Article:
Although Hatcher calls the empty set a simplex in his book Algebraic topology on page 110 he seems to assume that $0$-simplices $[v_0]$ have no faces at all in the definition of $\Delta$-complexes on page 102. Therefore, the condition that the restriction $\sigma_\alpha$ to a face of $\Delta^n$ is one of the maps $\sigma_\beta$ for some $\beta$ is vacuously fulfilled.

Wouldn't it be much more natural (or even logically necessary) to consider the empty simplex as the only face of a $0$-simplex because $[\hat v_0]=[\;]$ is the empty simplex?

Then one of the $\sigma_\beta$ is the empty map $\emptyset\to X$ and $\Delta_{-1}(X)$ is the free group with a single generator $\mathbb Z$. The chain complex in the definition of simplicial homology is then automatically augmented.

The follow-up question about the faces of the empty simplex is more debatable but for homology it is probably best to say that it has no faces which makes $\Delta_{-2}(X)=\{0\}$.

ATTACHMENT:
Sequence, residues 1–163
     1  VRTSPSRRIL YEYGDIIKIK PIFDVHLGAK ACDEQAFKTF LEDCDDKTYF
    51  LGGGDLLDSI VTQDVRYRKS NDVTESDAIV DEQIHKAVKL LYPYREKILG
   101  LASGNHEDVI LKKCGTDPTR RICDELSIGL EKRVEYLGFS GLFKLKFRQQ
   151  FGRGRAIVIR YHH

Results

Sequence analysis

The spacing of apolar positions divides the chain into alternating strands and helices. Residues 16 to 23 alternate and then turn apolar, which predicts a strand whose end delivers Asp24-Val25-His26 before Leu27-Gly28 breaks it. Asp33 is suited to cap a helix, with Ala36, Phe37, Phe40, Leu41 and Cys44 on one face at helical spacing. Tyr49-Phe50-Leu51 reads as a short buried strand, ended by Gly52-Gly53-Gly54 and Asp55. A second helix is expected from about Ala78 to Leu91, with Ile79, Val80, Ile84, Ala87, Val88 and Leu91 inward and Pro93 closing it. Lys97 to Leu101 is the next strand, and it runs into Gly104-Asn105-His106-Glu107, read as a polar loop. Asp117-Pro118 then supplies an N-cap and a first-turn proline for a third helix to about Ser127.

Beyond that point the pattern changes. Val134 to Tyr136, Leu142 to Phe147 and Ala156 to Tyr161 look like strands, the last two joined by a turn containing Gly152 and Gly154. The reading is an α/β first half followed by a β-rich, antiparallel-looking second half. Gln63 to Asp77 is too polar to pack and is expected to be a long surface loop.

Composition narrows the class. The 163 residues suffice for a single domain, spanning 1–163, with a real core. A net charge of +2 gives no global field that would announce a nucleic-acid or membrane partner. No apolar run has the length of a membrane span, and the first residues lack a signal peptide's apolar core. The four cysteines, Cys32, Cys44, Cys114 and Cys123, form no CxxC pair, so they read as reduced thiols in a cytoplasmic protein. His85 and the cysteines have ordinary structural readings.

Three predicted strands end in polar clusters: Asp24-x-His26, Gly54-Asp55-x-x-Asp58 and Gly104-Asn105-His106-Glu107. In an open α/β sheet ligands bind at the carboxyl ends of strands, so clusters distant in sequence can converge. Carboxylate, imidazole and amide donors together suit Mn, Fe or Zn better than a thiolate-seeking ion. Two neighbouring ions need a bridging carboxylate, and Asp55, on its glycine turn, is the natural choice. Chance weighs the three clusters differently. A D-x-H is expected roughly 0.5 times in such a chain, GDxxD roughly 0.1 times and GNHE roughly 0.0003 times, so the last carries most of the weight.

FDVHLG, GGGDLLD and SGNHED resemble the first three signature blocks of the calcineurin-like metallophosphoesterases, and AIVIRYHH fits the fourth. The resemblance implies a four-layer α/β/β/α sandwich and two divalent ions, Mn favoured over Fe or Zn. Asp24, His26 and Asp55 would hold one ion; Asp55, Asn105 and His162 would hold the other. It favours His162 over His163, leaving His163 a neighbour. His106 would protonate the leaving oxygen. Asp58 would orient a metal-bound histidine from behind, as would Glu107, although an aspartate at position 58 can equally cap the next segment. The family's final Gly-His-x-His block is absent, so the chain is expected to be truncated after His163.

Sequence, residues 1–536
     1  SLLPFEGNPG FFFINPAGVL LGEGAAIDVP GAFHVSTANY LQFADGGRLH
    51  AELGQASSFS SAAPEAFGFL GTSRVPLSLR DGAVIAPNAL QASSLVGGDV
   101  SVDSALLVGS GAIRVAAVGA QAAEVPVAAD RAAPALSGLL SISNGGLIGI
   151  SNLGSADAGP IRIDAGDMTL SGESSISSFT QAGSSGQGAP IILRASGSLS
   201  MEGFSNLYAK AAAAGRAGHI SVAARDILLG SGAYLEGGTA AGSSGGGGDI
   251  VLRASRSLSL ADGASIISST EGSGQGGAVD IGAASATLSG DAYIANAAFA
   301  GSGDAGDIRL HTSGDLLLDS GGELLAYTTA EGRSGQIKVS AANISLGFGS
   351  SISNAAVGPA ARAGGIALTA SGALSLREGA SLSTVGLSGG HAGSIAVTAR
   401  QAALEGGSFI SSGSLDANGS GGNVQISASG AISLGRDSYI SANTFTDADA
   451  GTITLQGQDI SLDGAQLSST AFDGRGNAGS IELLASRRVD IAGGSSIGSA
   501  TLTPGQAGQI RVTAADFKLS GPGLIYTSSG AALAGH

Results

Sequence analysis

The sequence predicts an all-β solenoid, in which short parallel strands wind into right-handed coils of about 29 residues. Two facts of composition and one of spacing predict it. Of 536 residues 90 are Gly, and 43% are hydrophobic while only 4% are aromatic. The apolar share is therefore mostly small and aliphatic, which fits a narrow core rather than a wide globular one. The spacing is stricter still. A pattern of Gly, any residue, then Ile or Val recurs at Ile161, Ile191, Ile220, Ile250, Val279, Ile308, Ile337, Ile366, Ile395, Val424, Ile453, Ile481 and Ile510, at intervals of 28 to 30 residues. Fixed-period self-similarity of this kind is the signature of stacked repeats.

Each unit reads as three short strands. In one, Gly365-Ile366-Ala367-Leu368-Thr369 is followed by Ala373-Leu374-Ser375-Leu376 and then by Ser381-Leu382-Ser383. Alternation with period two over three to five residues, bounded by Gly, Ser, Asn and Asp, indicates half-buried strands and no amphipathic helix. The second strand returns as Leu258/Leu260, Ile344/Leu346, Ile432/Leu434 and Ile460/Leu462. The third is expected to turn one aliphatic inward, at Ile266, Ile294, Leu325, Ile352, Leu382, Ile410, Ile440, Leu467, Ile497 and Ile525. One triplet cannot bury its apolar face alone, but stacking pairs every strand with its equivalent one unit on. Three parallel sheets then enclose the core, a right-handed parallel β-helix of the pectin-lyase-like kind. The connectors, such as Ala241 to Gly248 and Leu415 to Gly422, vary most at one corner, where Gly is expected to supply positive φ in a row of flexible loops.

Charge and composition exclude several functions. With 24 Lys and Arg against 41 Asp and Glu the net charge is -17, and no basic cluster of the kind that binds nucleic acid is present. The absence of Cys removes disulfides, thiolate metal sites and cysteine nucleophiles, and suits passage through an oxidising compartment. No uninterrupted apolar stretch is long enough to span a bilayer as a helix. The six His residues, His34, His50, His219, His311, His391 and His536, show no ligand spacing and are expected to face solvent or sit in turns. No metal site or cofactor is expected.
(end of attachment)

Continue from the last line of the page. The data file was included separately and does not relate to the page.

Is there anything speaking against this?

  • $\begingroup$ I suppose the empty simplex is the geometric realisation of the empty simplicial set $\endgroup$
    – FShrike
    Dec 14, 2022 at 18:31
  • 1
    $\begingroup$ There are times when you want to consider the augmented chain complex, and there are times when you don't. I don't think there is a mathematical argument for which is "more natural." (When you get to the study of cohomology, for example, an important feature is that it has a ring structure, and the identity element lives in degree 0. If you insist on always using the augmented chain complex, then the degree 0 cohomology of a path connected space will be zero, so you will end up dealing with rings without unit, and that is inconvenient.) $\endgroup$ Dec 15, 2022 at 0:02
  • $\begingroup$ Very similar to math.stackexchange.com/q/4355056 $\endgroup$
    – Paul Frost
    Dec 15, 2022 at 8:04


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